In any event, many icons grace my office and our home, and I'm always pondering how to introduce them into Lutheran worship spaces.
Protestants historically are concerned about icons becoming idols. It probably confuses us if we see someone in an Eastern Orthodox church kiss an icon, for example. But in the theology of Byzantium, where the dogmatic statement on icons was established, icons should and could better be seen as a liturgical manifestation of our Christian commitment to maintaining the two natures of Christ. Icons are true Christologically speaking.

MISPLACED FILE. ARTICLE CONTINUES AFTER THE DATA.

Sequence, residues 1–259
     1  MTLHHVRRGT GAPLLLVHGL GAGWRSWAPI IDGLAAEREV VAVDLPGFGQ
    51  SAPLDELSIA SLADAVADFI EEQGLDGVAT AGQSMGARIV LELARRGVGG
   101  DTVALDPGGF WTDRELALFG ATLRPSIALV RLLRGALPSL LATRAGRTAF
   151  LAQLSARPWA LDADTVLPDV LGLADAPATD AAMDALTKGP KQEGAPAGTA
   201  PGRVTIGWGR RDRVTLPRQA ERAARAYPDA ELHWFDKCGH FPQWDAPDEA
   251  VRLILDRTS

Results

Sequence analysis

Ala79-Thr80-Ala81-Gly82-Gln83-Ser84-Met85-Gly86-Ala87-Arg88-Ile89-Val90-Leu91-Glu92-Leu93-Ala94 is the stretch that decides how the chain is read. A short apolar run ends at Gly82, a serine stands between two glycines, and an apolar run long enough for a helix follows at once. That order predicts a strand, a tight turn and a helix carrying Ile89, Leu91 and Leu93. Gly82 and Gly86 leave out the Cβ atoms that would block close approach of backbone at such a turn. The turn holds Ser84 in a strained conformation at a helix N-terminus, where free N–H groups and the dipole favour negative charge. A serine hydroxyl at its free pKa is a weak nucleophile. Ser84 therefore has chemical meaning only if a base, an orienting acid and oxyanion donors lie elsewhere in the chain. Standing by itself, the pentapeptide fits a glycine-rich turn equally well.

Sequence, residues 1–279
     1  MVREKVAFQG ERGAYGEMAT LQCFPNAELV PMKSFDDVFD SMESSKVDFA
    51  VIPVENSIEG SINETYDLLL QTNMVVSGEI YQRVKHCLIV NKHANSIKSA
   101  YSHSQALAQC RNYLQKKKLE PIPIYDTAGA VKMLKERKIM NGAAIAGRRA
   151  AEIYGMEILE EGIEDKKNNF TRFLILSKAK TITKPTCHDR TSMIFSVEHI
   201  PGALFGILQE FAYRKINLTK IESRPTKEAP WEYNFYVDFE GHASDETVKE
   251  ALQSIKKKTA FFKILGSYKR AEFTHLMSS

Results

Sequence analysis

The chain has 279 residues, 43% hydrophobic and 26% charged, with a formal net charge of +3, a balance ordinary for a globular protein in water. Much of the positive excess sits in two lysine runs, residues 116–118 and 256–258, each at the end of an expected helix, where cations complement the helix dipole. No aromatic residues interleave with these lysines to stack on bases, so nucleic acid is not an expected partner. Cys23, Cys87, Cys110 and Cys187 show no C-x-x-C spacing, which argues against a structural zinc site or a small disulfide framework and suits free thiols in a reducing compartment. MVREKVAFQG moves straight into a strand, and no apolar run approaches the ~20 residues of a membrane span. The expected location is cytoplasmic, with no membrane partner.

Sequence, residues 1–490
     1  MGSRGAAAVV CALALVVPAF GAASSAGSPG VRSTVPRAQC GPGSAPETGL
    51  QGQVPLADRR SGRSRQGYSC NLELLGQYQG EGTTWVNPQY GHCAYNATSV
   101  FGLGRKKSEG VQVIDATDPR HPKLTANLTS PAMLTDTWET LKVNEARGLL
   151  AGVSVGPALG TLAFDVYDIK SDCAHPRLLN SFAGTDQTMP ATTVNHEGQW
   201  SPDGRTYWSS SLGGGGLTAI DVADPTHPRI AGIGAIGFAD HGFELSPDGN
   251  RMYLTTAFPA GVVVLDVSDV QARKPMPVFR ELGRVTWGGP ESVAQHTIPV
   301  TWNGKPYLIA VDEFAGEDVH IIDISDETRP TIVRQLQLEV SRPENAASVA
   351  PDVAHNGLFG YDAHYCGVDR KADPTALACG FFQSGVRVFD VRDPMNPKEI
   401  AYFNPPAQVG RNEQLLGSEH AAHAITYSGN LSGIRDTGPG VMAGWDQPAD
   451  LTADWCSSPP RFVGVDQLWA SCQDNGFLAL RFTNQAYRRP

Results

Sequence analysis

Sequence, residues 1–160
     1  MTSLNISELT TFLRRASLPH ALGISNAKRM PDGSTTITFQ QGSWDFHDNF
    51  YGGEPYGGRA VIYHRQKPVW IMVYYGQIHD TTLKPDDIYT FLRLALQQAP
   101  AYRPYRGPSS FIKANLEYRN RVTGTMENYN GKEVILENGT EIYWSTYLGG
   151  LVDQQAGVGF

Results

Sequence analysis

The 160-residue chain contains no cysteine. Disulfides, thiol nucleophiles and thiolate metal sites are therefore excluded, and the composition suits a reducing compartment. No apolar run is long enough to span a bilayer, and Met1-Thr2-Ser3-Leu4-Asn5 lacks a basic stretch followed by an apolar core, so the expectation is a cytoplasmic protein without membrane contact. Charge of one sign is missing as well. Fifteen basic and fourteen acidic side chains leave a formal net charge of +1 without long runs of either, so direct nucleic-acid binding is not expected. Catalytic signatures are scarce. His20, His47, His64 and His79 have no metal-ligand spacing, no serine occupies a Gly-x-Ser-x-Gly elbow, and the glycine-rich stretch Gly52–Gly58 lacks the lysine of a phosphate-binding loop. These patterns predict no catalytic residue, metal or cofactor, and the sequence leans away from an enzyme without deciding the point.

An icon does not present itself as coextensive with the truth it teaches, but does present itself as the way that we who are its heirs must follow if we are to go beyond it... to a universal truth that is available only in a particular embodiment. An idol, on the other hand, is the embodiment of that which it represents, but it directs us to itself, rather than beyond itself. (Pelikan in The Vindication of Tradition)
In the West, we are constantly and dangerously prone to idolatry exactly because we don't understand icons, have no icons, don't even think about icons, maybe even think icons are idolatrous. By confusing icon with idol, we have established powerful idols in our midst from which we cannot escape. Money, fame, sports, self-fulfillment, etc.